It has been one year since my father died -- a year that has passed in a blink that belies the emotions that have roiled through my soul. One year ago I poured forth my emotions in this forum to attempt to quiet the pain I felt, and I found that I not only helped myself, but others who read my writings. I received handwritten letters of condolence, and one anonymous note from someone who said I helped them work out the pain of their own loss.
A little more than a year ago, when I knew that my father was not getting any better -- when I knew that soon I would have to face his death as surely as I faced each new morning -- I wrote him a letter. I wanted him to know the love I felt for him, as surely as he knew his own name. I had never had any problems telling him that I loved him, and in this I felt quite fortunate. For some men mourn for not only their fathers, but also for lost opportunities -- the times when they could have opened up and expressed their feelings, but for some strange reason, their ingrained machismo prevented them for doing so. I have seen men cry out and weep that they were unable to say to their fathers something as simple as "I love you" -- but with my father, I did not have such a problem. And he could say "I love you" to me, too.
Yet, as I was flying out to California, sitting in my reverie and quiet mourning for what was not yet, but what would surely be, I started quite suddenly to remember things from my childhood -- a childhood that I had thought long past, yet which was close to the surface of my inner thoughts. And as I remembered, I started to write. I share this letter with you, this deeply personal remembrance, in the hopes that these feelings, too, can help someone overcome a loss such as mine -- or better, to help someone open up and share feelings with a parent or grandparent while there can still be words between you.
I haven't opened the envelope that contained this letter in a year, because I was afraid of the pain that I knew it would cause. I found the lock of his hair that I put in there, that little piece of him that I saved, the physical reminder of his presence now passed -- and that hurt, too. Yet if what I do now -- this sharing of self -- can help even one other person, then that pain was worth enduring. I loved my father so much, and I miss him almost more than I can bear. I cannot bring him back, yet through my writings, and in my memory, he still lives...
I was sitting on the flight to San Diego, thinking of you as I often do lately, when I started remembering things from my childhood -- things I have not thought of in years, and things which I remember very fondly -- so that they brought tears to my eyes. I thought I'd write them down, so that I could share them with you, and make you smile, and let you know how much I love you, and how much I want to hug you and kiss you and tell you how much I care.
I remember standing outside on a summer night in the Bronx -- no more that 7 years old -- hunting the skies with you, and finding -- triumphantly -- the silver speck of light that was Echo 1, wandering its silent way across the heavens.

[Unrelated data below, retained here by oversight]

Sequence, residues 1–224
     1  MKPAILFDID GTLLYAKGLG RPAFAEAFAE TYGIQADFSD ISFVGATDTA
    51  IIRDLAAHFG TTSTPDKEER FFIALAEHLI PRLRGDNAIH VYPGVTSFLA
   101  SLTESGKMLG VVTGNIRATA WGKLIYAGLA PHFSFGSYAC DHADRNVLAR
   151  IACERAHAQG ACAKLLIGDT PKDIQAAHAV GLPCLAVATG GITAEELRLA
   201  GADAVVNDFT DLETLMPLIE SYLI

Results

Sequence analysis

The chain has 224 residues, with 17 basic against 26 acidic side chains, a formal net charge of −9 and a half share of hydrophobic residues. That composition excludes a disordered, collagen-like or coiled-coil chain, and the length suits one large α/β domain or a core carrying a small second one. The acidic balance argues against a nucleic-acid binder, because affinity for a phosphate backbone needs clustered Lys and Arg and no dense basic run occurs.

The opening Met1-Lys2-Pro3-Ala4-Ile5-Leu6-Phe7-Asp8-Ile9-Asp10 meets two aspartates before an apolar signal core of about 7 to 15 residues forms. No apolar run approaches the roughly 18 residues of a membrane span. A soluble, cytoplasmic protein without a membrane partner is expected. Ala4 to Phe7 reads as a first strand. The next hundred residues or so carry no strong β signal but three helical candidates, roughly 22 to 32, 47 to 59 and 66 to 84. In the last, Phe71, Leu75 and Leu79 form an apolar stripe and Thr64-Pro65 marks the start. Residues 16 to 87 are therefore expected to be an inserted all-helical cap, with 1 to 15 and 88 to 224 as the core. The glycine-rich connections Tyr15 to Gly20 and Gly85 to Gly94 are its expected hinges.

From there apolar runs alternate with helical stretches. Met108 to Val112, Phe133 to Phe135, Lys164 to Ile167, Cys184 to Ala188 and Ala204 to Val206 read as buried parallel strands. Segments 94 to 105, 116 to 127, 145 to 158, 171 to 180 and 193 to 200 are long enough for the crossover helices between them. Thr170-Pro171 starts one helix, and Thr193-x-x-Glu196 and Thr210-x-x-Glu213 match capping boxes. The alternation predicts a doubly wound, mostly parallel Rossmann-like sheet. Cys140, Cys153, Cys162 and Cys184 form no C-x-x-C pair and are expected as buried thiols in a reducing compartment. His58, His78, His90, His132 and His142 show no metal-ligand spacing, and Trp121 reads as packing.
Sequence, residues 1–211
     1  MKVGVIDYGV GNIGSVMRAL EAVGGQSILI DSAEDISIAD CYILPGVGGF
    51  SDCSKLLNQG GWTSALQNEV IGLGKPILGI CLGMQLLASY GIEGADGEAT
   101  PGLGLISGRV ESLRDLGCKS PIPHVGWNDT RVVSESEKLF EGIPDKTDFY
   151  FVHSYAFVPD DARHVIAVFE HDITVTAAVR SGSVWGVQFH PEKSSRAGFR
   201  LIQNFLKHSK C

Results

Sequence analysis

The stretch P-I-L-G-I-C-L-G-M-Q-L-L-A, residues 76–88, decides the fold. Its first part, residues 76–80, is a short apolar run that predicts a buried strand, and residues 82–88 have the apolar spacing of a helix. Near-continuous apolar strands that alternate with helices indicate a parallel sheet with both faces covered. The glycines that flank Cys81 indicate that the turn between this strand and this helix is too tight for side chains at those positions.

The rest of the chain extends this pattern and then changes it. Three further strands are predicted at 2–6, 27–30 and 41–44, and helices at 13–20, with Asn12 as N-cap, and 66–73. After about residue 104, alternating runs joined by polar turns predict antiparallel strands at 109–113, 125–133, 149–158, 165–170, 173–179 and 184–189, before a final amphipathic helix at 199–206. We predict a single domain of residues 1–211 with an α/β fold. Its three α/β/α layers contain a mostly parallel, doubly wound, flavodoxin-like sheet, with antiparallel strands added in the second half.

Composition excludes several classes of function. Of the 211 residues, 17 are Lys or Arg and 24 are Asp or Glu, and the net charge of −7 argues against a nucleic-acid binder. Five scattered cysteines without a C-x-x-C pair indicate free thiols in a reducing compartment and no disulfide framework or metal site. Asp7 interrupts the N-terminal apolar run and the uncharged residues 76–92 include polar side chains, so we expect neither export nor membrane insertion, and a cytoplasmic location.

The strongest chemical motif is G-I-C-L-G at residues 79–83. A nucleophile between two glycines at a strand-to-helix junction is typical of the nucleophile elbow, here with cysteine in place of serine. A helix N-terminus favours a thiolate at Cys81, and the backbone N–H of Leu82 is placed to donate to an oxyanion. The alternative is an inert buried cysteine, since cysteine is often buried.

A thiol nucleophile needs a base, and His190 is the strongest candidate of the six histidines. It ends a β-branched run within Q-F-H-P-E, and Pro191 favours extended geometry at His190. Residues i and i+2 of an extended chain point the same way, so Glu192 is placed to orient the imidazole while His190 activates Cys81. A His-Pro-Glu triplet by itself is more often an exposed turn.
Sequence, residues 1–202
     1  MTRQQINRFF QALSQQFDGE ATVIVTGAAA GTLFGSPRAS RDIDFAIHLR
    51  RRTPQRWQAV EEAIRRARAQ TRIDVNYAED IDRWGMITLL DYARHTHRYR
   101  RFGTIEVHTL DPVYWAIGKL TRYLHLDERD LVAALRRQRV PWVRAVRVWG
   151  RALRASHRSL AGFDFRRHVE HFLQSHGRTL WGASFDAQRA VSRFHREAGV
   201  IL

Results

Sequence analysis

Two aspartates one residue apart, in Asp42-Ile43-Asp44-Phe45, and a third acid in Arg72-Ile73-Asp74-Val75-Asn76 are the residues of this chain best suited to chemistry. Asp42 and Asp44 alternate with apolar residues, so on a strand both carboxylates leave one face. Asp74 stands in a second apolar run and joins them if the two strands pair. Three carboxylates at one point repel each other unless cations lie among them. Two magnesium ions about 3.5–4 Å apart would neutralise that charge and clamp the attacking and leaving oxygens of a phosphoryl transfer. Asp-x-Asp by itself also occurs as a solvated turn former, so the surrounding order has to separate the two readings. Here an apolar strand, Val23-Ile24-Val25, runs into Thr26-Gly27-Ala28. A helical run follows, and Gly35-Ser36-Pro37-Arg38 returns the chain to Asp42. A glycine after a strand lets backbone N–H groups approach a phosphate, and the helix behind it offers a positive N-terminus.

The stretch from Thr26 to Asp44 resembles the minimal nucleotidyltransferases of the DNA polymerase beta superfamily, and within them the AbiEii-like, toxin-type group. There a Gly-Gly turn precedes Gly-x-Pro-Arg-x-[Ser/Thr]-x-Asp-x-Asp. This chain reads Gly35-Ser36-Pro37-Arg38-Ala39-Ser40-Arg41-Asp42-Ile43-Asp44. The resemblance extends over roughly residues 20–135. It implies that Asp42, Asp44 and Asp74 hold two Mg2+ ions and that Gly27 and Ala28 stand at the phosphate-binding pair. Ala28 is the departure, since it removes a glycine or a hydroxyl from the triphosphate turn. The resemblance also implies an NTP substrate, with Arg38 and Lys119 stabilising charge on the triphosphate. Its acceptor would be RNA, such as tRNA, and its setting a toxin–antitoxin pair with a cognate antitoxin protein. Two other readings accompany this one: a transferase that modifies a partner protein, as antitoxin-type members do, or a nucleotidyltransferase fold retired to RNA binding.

I remember a night in Bantam Lake, looking heavenward again, as the Perseid meteors showered down. The time you strung up the letters "H-A-P-P-Y B-I-R-T-H-D-A-Y" in the Westervelt kitchen, and then made a treasure hunt out of finding the letters after school -- The "T" hidden behind the refrigerator, and how proud you were of me.
The NYC science fair, and how you worked to help me win it, and how I won it for you -- for you, Daddy.
Getting into a fight on our porch, and having you pull the bully off of me -- my humiliation and rage at being denied the fight, and realizing only years later that it was only out of love that you scolded me.
Finding the cement trough filled with mosquito larvae, and bringing them home to raise with the frogs.
The gerbils, and the rabbits and rats and mice and bugs and birds and shells and frogs and salamanders, and those silly wasps and drosophila -- thank you for exposing me to all of that. And the lab at Einstein, and letting me run free (playing with the Mercury -- that was always fun). The spectrophotometer you brought home for me to tear apart, and all the other things you trusted me with, and let me play with, and learn and grow self confident with. I can tear apart a $100,000 computer and not feel afraid -- and I can fix anything, because you taught me how to take things apart, learn how they worked, and remember how to put them back together again.
I remember you popping off a strobe light in our bedroom after I had dark adapted -- and how I thought the world had exploded and my eyes would fall out. And I remember how gentle you could be, and how tender and concerned you were when I had pneumonia, or tonsillitis, or my stupid allergies -- getting the gunk out of my eyes.
I remember waiting for hours outside of Bronx House, because you lost track of time and forgot to come get me, and how I was afraid you would be mad when I broke my arm -- and how you weren't, and how you bullied the doctors into helping me.
I remember sitting on your lap, reading "Green Eggs and Ham". I can still feel your strong chest behind me, and your arms around me, pointing to every other word to prove to Opa that I really was reading -- and then I remember reading it backwards.
I remember you showing Dan Friedman that I wasn't embarrassable (and that Mommy was) by telling me to spell "penis". And I spelled it wrong.
I regret not playing with you more, but I also remember that you taught me how to throw a frisbee and to be a little less of a klutz. You also taught me to analyze things, so that I could learn on my own.